In 2017-2018, the U.S. welcomed 1,094,792 international students. Of these students, 8.6% chose to begin their studies at a community college, according to the Institute of International Education’s 2019 Open Doors report. While a community college may not be the first image that comes to mind when considering studying abroad, it is often the best route for many international students. Keep reading to find out why you should consider attending a community college.
Tuition at a community college is just a fraction of the cost of tuition at a university. For example, the University of Illinois—Chicago charges an international student rate of $25,858 per academic year. This cost does not include student fees, housing, health insurance, or books. If, however, you choose to attend a local Illinois Community College, for example, Elgin Community College (a one hour train or car ride from the university), you will only pay $11,960 per year. This is a savings of nearly $14,000! Imagine what you can do with all that extra money.
Same general education
Many international students worry that community colleges will not offer their academic program. This is a misunderstanding of the US higher education system. Bachelor’s degrees in the US are structured so that the first two years of study are filled with introductory courses from several subjects, often known as general education requirements or “gen eds.” Students must complete these general education requirements before moving on to their concentration in a single subject, also known as a “major.” Once students complete these first two years, they can transfer to a university of their choice and complete the last two years of study in their major. 2 years at community college + 2 years at university = 4 year bachelor’s degree. Why do it this way? You’ll save money by taking the same general education courses at a much lower cost. In addition, you will graduate community college with an associate’s degree—another credential you can add to your résumé.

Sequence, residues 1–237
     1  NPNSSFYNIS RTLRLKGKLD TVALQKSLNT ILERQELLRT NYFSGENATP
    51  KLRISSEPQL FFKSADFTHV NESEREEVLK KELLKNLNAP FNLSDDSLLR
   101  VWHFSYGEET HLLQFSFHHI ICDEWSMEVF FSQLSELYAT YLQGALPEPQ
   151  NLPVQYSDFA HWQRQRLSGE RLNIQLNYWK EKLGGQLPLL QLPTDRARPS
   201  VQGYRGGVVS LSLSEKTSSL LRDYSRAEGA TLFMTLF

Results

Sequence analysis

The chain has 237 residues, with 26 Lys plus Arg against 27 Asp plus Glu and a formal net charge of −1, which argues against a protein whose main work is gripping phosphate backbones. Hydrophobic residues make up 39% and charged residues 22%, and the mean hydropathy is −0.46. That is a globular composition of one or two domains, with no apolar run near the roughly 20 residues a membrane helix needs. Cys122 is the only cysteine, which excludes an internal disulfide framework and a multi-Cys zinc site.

Smaller class sizes
It’s been shown by the National Council of Teachers of English that smaller class sizes increase student learning and performance. A class size of 20 or smaller results in more individualized attention, increased participation, and better communication. Despite this, many universities still hold classes in large lecture halls where 100 or more students are enrolled. At community colleges, large classes are rare or nonexistent. Average class sizes hover at around 20 students, and some classes may have as few at 10 students. Fewer students means easier access to your instructor and, ultimately, better grades in the course.
Flexible admission requirements
Many universities have such strict admissions requirements and/or such a high volume of applicants that very few students are admitted. For example, the University of Southern California had 64,352 applicants in 2018. Of those, only 13% (8,339 students) were admitted. In addition, international applicants needed a minimum score of 100 on the TOEFL IBT or 7.0 on the IELTS. In contrast, community colleges are open-access institutions, meaning that they admit every student who wants to enroll. Elgin Community College admitted all students who completed the application process. Students without TOEFL/IELTS scores and students not yet proficient in English were accepted to the college’s Intensive English Program. The program allows students to build their mastery of English before being pursuing college-level courses.
Additional OPT time
International students who begin studies at community colleges are permitted more OPT time than students who begin at universities. OPT (optional practical training) is temporary practical training directly related to your field of study. For example, a student studying nursing may choose to work in a hospital during their OPT time to gain experience. Eligible students can receive up to 12 months of OPT employment authorization upon completion of each educational level. Since students who begin at community colleges graduate after two years with an associate’s degree, they can claim 12 months of OPT. Then, after they complete their bachelor’s degree at a university, they can claim another 12 months of OPT. Who wouldn’t want extra experience and paid employment time?